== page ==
Also on the list are the Leona M. and Harry B. Helmsley Charitable Trust, the Barr Foundation, and the James Irvine Foundation. The efforts of these foundations will support a range of causes, including the arts, education, environmental issues, and advancing youth through STEM fields. Rounding out the summary is the Schultz Family Foundation, created by Starbucks founder Howard Schultz and his wife Sheri. Soon to be running their family foundation is Daniel Pitasky, formerly of the Gates Foundation, who will help the couple amplify their charitable efforts. In the past, the Schultz Family Foundation has supported the Robin Hood Foundation, and YouthCare, a Seattle nonprofit that helps homeless youth.

Keep a lookout for the work these foundations will do to advance philanthropic their efforts in 2014.


Melinda Gates Uses Her Power for Good

Melinda Gates

The list of the world’s most powerful women by Forbes has listed Melinda Gates at position number 3. Melinda Gates is the co-founder and chair of The Bill and Melinda Gates Foundation, the largest grant giving foundation in the United States.

The Foundation has existed for 13 years and holds $34 billion in assets.  Goals they have set for the foundation this year are to eradicate polio within five years and distribute safe birth control to 120 million women in Africa and Asia.  She has given several TED talks on how to improve philanthropy and the important role that access to birth control plays in the empowerment of women.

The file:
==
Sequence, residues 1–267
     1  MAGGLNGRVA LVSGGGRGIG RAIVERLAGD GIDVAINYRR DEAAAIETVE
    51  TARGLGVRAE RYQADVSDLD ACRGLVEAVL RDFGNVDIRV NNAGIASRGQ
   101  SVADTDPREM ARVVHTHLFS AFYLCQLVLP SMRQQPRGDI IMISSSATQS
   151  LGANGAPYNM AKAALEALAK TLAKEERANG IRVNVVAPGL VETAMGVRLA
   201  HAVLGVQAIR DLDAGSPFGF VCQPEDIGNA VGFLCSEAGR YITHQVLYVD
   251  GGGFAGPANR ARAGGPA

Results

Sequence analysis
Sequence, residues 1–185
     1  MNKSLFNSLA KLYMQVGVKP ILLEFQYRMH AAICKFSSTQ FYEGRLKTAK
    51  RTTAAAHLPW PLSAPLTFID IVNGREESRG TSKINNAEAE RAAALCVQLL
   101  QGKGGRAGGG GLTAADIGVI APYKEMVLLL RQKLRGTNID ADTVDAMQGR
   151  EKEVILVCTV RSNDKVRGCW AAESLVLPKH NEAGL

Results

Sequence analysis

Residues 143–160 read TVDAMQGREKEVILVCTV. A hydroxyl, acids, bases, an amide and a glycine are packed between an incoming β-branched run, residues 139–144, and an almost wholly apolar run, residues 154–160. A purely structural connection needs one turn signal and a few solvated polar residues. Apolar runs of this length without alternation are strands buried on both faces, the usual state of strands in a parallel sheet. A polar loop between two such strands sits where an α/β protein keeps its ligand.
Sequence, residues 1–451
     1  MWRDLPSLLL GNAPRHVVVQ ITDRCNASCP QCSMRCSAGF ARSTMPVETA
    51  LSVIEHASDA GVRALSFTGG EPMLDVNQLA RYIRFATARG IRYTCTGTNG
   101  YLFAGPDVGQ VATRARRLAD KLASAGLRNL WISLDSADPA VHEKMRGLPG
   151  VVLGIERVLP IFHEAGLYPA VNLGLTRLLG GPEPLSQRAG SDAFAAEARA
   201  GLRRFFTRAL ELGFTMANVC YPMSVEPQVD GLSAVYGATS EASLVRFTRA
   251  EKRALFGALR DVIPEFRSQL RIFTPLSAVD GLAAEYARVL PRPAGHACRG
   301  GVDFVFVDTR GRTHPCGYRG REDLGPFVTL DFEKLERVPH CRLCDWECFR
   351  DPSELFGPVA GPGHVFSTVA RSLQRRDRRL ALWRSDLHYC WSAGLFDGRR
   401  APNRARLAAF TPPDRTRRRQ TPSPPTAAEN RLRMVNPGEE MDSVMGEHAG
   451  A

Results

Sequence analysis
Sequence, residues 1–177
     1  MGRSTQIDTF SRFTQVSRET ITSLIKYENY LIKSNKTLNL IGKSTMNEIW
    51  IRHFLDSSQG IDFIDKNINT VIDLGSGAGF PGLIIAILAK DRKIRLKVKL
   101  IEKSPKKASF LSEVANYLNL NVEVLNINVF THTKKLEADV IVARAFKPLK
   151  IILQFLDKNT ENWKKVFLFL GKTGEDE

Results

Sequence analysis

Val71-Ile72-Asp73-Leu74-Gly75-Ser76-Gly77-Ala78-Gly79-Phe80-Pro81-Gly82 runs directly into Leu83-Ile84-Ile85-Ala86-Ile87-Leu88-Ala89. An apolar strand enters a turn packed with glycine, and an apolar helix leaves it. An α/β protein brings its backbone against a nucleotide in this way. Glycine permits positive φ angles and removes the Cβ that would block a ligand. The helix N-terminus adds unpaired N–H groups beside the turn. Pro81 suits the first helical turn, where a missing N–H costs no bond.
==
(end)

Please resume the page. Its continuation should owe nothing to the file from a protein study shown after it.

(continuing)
Melinda and Bill have told their stakeholders that part of their mission will include investing in projects that fail. This is because they are willing to take the risk that governments and other organizations are not able to.  The Foundation specializes in immunizations, agricultural development, sanitation and other global health issues.

To read Melinda Gates’ entire profile, click here.


Another Philanthropic Gates: William Henry Gates Sr.

william henry gates sr.
IMG: via

Bill Gates’ father has long been working for philanthropic causes from being the Co-Chair of the World Justice Project to sitting on the board of Planned Parenthood.  He is also the author of a book entitled “Showing Up for Life: Thoughts on the Gifts of a Lifetime.”

Gates is a graduate of the University of Washington, and worked as a lawyer until 1998 at the law firm he co-founded.  Shidler & King later became known as Preston Gates & Ellis LLP.  It finally merged into what is now called K&L Gates.

He is currently on the Board of Regents for the University of Washington and is a co-chair for the Bill and Melinda Gates Foundation.

Bill Gates Sr. guides the foundation and serves as an advocate for the foundation’s key issues. He first answered his son’s request for help in using his resources to improve reproductive and child health in the developing world by directing the William H. Gates Foundation, which was established in 1994. It merged with the Gates Learning Foundation to create the Bill & Melinda Gates Foundation in 2000.

Gates has volunteered with organizations such as the Greater Seattle Chamber of Commerce and King County United Way.  He even formed a non-profit organization called Technology Alliance to further technology jobs in the northwest.  In efforts to shape and assist education, he worked with the Public School Levy Campaign.

To view the full William Henry Gates Sr. Profile, click here.